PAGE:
Posts tagged On Death
THE LAST BUTTON
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Some moments in life burn an image into your mind with permanent marker – and some experiences so hard to bare, they change the shape of your soul. This was one such moment that broke me and reshaped me in ways I'm still learning to understand.

My dear wife was dressing Mitch at the funeral home. Our mothers were with us as well as our oldest sisters; each of whom played a precious and sacred role in Mitchell’s life, and we wanted them to participate. Also, we were afraid of doing this alone.

Our once-little-baby had grown into a beautiful, funny, thoughtful, and caring young boy; yet there he was laying quietly on a table – motionless and frighteningly cold to the touch. My sweet wife, along with these other good women, reverently dressed Mitch in preparation for his funeral - where we would honor the good little boy that he was. Natalie was doing okay until she got to the last button – then grief washed over her like a title wave, thrashing her about on the inside. This was the last button she would ever fasten for our son – and that broke her heart. It broke mine, too.

I was a wreck that day. In fact, I was a wreck on the inside for many months afterward. Years, in fact. It took years to learn how to put my broken pieces back together again. Even still, I carry a father’s grief, and it is a terrible burden. Yet as much as I hurt on the inside, I know my wife hurts in ways I cannot imagine - for I am a simple man. She carried him, gave birth to him and made sacrifices in ways only a mother can - and with that pain and sacrifice comes a love unique to that service and surrender. So, I consider her grief hallowed ground. I silence my own tears so that I might wipe hers and scoop up her shattered pieces for safe keeping. And when I can, I try to gather mine.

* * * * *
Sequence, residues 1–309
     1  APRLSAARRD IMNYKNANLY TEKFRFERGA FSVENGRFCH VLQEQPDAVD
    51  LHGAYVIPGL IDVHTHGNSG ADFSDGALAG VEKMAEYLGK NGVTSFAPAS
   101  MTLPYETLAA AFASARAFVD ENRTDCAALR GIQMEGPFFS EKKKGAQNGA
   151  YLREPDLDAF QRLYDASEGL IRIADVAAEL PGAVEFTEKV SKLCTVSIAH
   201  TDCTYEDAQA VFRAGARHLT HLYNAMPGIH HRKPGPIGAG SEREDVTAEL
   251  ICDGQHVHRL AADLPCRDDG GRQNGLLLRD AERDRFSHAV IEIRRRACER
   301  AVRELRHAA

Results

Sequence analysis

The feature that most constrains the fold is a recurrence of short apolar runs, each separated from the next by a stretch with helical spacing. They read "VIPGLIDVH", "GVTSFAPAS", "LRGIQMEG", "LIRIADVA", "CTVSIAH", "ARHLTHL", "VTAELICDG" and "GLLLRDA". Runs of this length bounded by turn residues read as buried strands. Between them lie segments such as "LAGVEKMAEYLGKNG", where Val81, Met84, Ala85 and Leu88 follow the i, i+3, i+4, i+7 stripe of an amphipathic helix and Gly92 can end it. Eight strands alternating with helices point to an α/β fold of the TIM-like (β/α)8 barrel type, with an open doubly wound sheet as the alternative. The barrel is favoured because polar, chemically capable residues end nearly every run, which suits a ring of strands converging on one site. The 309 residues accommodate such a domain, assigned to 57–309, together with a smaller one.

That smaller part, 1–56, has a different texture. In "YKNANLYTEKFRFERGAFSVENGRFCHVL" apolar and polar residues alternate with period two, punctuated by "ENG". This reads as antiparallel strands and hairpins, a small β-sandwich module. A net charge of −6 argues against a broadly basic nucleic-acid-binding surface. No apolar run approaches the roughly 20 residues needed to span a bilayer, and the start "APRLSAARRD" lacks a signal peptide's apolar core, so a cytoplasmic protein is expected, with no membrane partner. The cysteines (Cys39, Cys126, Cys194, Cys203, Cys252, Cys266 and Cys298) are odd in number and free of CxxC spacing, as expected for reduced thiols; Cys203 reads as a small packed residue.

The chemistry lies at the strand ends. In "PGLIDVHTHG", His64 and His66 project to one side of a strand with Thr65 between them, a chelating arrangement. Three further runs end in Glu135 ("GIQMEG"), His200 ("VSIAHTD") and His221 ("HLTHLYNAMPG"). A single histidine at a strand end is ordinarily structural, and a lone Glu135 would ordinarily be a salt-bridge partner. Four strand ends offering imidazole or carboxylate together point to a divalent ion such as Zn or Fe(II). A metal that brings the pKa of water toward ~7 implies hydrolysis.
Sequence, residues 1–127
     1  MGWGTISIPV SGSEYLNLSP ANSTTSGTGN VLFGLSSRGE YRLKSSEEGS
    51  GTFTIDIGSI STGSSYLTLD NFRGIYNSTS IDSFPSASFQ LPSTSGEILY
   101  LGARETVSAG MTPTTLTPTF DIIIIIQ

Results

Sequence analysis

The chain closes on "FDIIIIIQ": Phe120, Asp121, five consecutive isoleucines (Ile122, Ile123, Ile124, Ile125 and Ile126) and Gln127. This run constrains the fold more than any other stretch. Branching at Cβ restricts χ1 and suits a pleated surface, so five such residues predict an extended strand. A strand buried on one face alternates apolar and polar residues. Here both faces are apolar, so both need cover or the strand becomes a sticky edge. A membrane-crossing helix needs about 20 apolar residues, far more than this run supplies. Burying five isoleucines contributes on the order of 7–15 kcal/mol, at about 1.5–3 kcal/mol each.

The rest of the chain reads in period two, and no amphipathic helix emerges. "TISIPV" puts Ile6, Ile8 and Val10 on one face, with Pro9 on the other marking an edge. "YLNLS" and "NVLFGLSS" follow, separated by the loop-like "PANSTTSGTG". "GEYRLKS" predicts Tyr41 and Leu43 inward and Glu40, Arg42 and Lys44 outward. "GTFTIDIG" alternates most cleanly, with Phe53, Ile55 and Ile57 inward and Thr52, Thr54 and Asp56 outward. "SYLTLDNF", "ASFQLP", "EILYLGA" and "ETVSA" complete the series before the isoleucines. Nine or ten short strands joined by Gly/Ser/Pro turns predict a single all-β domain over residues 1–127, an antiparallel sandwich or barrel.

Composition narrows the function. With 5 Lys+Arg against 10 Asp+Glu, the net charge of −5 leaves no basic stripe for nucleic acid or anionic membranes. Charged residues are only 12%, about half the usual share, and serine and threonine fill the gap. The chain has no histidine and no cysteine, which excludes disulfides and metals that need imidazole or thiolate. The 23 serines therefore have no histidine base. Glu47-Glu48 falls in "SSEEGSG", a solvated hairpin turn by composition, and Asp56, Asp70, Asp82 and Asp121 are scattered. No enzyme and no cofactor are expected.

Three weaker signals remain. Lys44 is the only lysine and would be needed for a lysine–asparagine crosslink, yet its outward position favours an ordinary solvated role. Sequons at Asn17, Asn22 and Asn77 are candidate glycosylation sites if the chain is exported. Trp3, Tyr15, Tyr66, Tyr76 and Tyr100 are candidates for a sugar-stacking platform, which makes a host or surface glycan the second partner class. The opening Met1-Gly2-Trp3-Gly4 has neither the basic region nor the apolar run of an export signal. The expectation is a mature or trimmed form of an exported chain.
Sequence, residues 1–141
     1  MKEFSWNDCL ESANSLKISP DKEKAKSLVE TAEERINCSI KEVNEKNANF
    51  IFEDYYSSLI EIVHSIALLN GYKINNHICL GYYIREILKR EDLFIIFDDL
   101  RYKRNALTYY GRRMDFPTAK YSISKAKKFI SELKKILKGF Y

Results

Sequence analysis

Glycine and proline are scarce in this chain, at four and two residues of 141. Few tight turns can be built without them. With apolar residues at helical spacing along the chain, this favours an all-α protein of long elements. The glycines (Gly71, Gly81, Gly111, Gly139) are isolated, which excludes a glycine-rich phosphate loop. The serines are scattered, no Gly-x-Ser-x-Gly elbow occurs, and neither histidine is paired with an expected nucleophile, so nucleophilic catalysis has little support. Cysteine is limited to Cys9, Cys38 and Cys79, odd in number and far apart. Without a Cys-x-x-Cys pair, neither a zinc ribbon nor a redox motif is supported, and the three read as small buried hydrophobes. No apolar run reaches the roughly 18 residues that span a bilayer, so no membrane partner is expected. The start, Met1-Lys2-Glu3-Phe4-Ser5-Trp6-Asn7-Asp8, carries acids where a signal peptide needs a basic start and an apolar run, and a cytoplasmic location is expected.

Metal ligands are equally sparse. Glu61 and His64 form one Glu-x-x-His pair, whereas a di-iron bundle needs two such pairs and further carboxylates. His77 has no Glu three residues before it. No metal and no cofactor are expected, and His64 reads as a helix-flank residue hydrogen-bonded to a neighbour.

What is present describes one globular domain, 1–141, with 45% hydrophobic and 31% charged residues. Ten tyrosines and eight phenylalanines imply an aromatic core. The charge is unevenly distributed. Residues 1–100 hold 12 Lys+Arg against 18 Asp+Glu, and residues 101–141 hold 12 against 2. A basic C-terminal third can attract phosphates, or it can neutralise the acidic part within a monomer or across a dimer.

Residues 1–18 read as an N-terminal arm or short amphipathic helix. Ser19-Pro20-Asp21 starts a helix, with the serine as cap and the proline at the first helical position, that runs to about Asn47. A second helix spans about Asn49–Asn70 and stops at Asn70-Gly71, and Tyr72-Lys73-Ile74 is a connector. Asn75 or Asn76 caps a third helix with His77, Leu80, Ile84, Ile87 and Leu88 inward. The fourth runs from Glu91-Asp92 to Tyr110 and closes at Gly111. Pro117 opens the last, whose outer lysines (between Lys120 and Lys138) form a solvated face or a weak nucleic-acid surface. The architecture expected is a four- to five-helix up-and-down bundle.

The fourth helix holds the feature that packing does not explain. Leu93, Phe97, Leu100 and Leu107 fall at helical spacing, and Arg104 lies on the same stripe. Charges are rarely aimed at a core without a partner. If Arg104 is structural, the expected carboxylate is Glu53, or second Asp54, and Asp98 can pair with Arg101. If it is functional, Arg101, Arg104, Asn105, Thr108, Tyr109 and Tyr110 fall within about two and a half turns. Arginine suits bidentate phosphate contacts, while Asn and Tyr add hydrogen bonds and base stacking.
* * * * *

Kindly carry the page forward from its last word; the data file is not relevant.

Maddeningly, some people are so focused on comparing grief they forget to simply honor it.
— Christopher M. Jones | Mitchell's Journey

All too often I hear people suggest “there is nothing like a mother's love” – in a manner that seems to subordinate or dismiss the love of a father. In like manner, I hear less often the same of a father’s love as being more than anything else. It's almost as if they claim one love is greater than the other. Nothing could be further yet closer to the truth at the same time. They are correct in saying there is nothing like a mother’s love; in the same way, there is nothing like a father's love. Both are different, both are beautiful and sacred in their own right. But to suggest one is more significant or weightier than another ignores one immutable truth ... they are both parents and hurt deeply for the one they loved and lost. Maddeningly, some people are so focused on comparing grief they forget to simply honor it.